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Risk is full of paradoxes: we take too much, in the sense that casinos and zero-days-to-expiration options are both thriving businesses, and we take too little, in the sense that insurance, too, is a huge business. More money than is optimal gets deposited in FDIC-insured savings accounts (instead of put to more useful work), and, among those with who invest, more money than is optimal gets invested in a) equities in general, and b) specific high-risk cult stocks.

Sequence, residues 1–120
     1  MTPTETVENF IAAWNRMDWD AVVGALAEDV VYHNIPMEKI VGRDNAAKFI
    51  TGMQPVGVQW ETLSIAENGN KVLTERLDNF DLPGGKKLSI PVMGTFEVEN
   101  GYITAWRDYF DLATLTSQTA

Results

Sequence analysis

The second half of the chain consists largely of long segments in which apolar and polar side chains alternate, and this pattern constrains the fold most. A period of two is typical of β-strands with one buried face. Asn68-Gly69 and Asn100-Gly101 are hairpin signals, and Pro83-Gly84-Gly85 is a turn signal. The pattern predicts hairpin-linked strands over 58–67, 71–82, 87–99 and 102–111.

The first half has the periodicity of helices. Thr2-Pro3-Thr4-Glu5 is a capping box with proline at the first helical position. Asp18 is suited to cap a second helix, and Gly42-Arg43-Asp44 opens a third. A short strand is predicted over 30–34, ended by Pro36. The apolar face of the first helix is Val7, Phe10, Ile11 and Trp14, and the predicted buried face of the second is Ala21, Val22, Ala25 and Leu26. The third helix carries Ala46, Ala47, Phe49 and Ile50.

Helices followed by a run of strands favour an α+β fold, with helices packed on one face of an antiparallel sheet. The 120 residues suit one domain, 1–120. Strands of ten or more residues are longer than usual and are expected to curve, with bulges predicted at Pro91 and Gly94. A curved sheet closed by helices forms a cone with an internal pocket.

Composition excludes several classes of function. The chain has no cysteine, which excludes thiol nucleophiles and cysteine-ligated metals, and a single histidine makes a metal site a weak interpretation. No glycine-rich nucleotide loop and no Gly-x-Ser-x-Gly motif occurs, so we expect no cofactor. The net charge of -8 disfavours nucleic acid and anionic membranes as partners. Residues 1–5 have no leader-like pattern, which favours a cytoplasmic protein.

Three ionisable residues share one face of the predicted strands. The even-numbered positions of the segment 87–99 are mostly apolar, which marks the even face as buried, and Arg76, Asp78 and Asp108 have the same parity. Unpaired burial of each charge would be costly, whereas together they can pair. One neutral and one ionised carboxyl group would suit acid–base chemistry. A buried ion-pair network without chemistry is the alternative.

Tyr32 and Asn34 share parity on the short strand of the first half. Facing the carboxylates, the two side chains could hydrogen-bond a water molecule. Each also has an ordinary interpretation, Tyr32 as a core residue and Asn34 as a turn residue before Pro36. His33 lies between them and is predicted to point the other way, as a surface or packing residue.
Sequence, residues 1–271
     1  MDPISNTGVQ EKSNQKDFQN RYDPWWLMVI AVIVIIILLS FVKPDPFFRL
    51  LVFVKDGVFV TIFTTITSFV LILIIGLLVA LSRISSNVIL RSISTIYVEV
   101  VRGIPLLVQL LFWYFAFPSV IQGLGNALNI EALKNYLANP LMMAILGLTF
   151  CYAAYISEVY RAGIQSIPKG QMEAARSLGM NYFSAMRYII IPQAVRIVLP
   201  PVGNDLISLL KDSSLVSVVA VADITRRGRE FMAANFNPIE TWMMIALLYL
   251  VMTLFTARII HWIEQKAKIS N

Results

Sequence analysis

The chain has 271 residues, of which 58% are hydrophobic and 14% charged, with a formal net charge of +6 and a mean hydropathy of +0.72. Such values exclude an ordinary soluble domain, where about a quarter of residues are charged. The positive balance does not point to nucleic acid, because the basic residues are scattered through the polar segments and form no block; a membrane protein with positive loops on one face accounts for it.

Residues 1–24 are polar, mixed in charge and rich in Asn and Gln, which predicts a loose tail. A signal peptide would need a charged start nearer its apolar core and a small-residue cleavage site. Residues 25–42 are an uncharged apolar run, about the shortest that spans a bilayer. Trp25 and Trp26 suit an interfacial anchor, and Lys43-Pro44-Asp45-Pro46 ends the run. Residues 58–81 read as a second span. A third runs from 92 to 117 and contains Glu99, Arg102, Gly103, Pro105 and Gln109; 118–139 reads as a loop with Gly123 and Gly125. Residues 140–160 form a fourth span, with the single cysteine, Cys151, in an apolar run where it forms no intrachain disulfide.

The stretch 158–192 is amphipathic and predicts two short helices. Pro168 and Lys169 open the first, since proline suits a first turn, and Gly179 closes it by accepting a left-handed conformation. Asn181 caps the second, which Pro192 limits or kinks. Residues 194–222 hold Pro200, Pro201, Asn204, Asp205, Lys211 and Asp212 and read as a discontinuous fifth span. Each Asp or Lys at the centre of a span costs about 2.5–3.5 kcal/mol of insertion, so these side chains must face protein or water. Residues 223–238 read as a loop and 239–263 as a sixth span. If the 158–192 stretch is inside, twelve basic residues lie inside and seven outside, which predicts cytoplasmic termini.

More prosocially, many people who could have better risk-adjusted returns working at a big company choose to quit and start their own thing; many investors who could just buy QQQ with a little leverage instead go through the arduous process of making early-stage, high-risk investments instead.
So the world exists in a muddle of risk, at every conceivable level, from people biking without helmets while wearing masks to nation-states fixating on one set of existential risks while ignoring or worsening others.